While there are plenty of companies to keep an eye out for here at Computex, it’s EVGA’s turn to see what’s new. There are more X299 motherboards after the recent announcement of Intel’s X-Series processors with a new socket, and EVGA’s generational masterpiece of NVIDIA engineering, the GTX 1080 Ti Kingpin.
Out of the motherboards we’ve looked at so far, EVGA has elected to do something a bit different, especially with its top-tier X299 DARK board. With its emphasis on overclocking, the DARK board forgoes four of the intended eight DIMM slots that make up many of the other boards, to help with memory overclocking. One of the tricks overclockers learnt in the early days was that by reducing the load on the memory controller, they could further increase the frequency range of the memory, which is what EVGA have done here. So while the premium model is limited to 64GB of RAM, there should be more headroom for speed.
The next trick (or possible gimmick, we’ll have to wait and see) is the inclusion of a fan over the chipset which exhausts air over not just the chipset, but an M.2 port situated between the top two PCIe x16 ports. It’s been known for a while that high-end M.2 SSDs, namely Samsung’s 960 Pro, can throttle performance due to heat, causing a bit of a craze with motherboard makers to install thermal solutions. Still, the option is here with EVGA claiming up to 15C cooler. Also interesting is a horizontally mounted power connector with cutout for the ATX power connector, possibly aiding in cable management.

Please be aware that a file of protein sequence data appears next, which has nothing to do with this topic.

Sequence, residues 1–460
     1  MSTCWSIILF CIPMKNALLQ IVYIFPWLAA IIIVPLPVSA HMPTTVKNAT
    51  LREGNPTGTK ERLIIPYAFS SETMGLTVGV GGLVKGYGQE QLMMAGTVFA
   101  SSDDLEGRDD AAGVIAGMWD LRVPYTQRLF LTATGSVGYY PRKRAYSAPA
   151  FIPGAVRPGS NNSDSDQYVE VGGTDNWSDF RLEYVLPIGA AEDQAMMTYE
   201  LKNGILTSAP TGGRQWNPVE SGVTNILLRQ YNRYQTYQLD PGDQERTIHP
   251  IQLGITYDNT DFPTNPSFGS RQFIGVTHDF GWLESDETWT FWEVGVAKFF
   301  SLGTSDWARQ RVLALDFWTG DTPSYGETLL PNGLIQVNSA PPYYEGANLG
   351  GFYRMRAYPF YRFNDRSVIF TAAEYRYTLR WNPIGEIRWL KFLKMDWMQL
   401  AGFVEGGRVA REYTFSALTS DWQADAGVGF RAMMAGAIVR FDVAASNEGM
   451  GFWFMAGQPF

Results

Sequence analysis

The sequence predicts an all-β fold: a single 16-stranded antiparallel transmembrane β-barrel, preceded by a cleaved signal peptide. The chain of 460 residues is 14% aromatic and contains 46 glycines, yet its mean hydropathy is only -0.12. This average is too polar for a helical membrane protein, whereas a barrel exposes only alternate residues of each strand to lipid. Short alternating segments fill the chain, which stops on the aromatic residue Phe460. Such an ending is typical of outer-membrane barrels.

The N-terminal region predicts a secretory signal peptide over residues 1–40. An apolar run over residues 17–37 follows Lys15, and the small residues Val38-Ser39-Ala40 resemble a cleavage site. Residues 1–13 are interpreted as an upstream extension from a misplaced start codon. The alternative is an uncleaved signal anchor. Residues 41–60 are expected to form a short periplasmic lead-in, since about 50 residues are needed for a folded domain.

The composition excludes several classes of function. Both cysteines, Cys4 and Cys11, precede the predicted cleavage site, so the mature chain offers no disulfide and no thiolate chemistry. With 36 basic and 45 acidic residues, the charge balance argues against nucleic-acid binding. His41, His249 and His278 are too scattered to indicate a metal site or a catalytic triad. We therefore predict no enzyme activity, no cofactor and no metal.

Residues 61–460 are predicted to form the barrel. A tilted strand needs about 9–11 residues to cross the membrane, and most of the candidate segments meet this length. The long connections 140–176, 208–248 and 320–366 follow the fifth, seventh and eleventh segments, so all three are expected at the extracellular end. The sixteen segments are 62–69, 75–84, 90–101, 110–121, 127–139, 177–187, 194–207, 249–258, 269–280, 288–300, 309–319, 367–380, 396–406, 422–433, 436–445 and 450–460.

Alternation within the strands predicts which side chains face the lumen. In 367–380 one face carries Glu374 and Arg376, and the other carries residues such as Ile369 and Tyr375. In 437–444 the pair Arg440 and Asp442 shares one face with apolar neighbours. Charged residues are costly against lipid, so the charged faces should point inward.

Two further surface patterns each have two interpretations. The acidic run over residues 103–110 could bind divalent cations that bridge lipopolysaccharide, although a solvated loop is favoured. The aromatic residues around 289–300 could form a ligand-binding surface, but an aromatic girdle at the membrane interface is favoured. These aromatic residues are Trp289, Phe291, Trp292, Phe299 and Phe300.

The X299 FTW K is a more traditional motherboard, but EVGA couldn’t help but add a few RGB elements with color controlled shrouding. The board also uses all 8 DIMM slots for the full supported 128GB of RAM for the X-series platform. No active cooling though, but the board still supports decent overclocking with its 8+2 phase power solution. It also appears that both the DARK and FTW K boards support U.2 ports and Optane. The last board is the X299 MICRO, and as the name suggests, a Micro-ATX board. It still packs decent power delivery, but with the inclusion of Wireless AC. It also lacks 4 of the DIMM ports, but this time for size, rather than overclocking headroom.
Also on show was the drool-worthy GTX 1080 Ti Kingpin edition graphics card. Edge-to-edge heatsink with multiple heatpipes that can be split for installation of a waterblock or LN2 pot. The updated ICX technology for multi-sensor monitoring and fan speed adjustment. Lots of thermal contacts to boot. The card comes with a guaranteed 2025MHz+ overclock (instead of a base-boost of 1582MHz). Massively over-engineered power delivery system. EVBOT monitoring and control port. Kingpin is EVGA’s ‘ultimate’ series of GPUs for the more adventurous users out there.
The Kingpin isn’t available yet, but it should be out soon. If you’d like to check out a teardown of one of the developer units, you can check out our friends over at Gamers Nexus where EVGA bravely let them rip the thing apart.